Royal rising – Meath on the verge of a return to the top flight
Andy McEntee set to lead county back to Division One for the first time in 13 years
Andy McEntee: “If you get the decent performances, chances are you’re going to get the results. That’s the way we’ve approached it.” Photograph: Laszlo Geczo/Inpho
Third time lucky – or maybe lucky 13th time around, depending on who exactly is keeping score. Either way it would require some considerable bad luck for Meath to fall short of promotion to Division One of the Allianz Football League next weekend.
A win or a draw would suffice in their final round match against Fermanagh at home in Páirc Tailteann in Navan on Sunday. They currently top Division Two with 10 points, and such is their healthy points difference, Meath would still need to lose by more than 18 points, and Donegal would need to beat Kildare by more than 15 points, in order for them to miss out.
It’s been a slow and twisting road back to the top flight. Meath were relegated from the old Division 1B back in 2006, with the likes of Graham Geraghty still on board, and have fallen either short or a little long of promotion back to Division One in the 12 seasons since. Hence the luck of the 13th time around.
For Meath manager Andy McEntee, in his third season in charge, it’s perhaps third time lucky. McEntee saw Meath fall just one place and one point short of Division One in 2017, losing out to Galway and Kildare; last year they ended up fifth after a season repeatedly interrupted by postponements and refixtures, which didn’t do their rhythm or momentum any good.
“That consistency was the real challenge for us last year,” says McEntee. “And we would have sat down at the start of the league this year, and said ‘look, it’s not a four game league, it’s a seven game league, and can we challenge ourselves to get seven decent performances?’
“That’s been the goal as much as anything, because if you get the decent performances, chances are you’re going to get the results. That’s the way we’ve approached it.”
After an opening round win over Tipperary, Meath then fell to Donegal, in Ballybofey, 1-13 to 0-14, although rather than a setback, McEntee looks back on that game as a turning point.
“The funny thing is you could argue our best performance all season was in those first 60 minutes against Donegal. We were as good as we have been, I think, and were on the verge of winning that game with probably a bit to spare, and then unfortunately a goal goes in, and that result certainly put everyone under a bit of pressure.
“But the response was exactly what you would like to see, everyone dug in. A 60 minute performance against Donegal, and then a 10 minute spell where we didn’t perform, shouldn’t put us off track, and it didn’t.
“We recovered in the next round and got a good result against Armagh, and again in the next round against Cork, and then obviously Kildare. I suppose the Kildare result is the one most people are still talking about, but every two points in this league are very hard fought, very hard won, and our response to that reverse against Donegal has been pretty good really.”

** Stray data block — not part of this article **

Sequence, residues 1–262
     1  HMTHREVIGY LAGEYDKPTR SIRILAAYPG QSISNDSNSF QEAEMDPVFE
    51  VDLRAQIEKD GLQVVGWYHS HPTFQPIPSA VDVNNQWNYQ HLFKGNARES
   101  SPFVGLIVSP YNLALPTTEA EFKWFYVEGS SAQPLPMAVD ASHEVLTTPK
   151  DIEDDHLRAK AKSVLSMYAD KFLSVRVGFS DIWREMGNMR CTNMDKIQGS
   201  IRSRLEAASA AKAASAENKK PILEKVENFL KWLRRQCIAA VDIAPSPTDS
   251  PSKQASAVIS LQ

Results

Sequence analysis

If anything has set Meath apart this season it’s been that spirit. They came into 2019 off one of their worst championship showings of recent years: two games, two defeats.
They lost their Leinster quarter-final to Longford, 0-16 to 0-14, then lost their first round qualifier to Tyrone, in Navan, 2-14 to 0-19, after extra-time, Tyrone going on to make the All-Ireland final against Dublin.
Without jinxing Sunday’s game, or indeed his luck, does McEntee feel Meath are primed to take on the likes of Dublin and Tyrone in Division One in 2020?
“Are we ready? We won’t really know until we’re in there with the big boys, and playing them on a regular basis, but it’s certainly something that we’ve talked about, a goal that we set ourselves all along. Right now it’s very much in our own hands, and if we put another performance together, then chances are we will find out whether we are ready for it or not.”
Truth is McEntee has never been shy about the prospect of playing Dublin, suggesting too many counties concede a psychological advantage before the ball is thrown in.
Meath after all are still the last county to actually beat Dublin in the Leinster football championship, nine years ago this summer, in the 2010 Leinster semi-final, hitting them were it hurts with five goals to none (5-9 to 0-13).
This season McEntee, who managed the Meath minors to Leinster and All-Ireland finals in 2012, and also Ballyboden St Enda’s to a first All-Ireland club title in 2016, has managed to get players back on board, most notably Páraic Harnan and Mickey Newman after a year away from the squad.
Summerhill forward Barry Dardis is another addition, trying out in goal for a while, but sticking mainly outfield, his injury-time penalty securing a dramatic victory over neighbours Kildare in round five.
“Yeah, we’ve had a number of new players on the panel, and on any given day have started two or three new players, and they’ve performed pretty well all along, the likes of Ronan Ryan, Darragh Campion, Ethan Devine, they’re all new to the panel. But we’re getting consistent performances out of anyone.
Since leaving Division One in 2006, Meath managed that year by Eamonn Barry, four further managers have tried to bring them back: Colm Coyle (2007-2008), Eamonn O’Brien (2009-2010), Seamus McEnaney (2011-2012) and Mick O’Dowd 2013- 2016. McEntee must feel now he has luck and time on his side.